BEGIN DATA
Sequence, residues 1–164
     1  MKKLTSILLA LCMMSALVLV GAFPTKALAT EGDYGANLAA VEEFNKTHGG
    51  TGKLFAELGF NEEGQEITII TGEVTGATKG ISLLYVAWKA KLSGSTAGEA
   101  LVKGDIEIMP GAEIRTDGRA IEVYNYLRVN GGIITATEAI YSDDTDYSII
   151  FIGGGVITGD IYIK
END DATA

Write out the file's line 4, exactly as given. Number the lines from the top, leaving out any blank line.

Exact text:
   101  LVKGDIEIMP GAEIRTDGRA IEVYNYLRVN GGIITATEAI YSDDTDYSII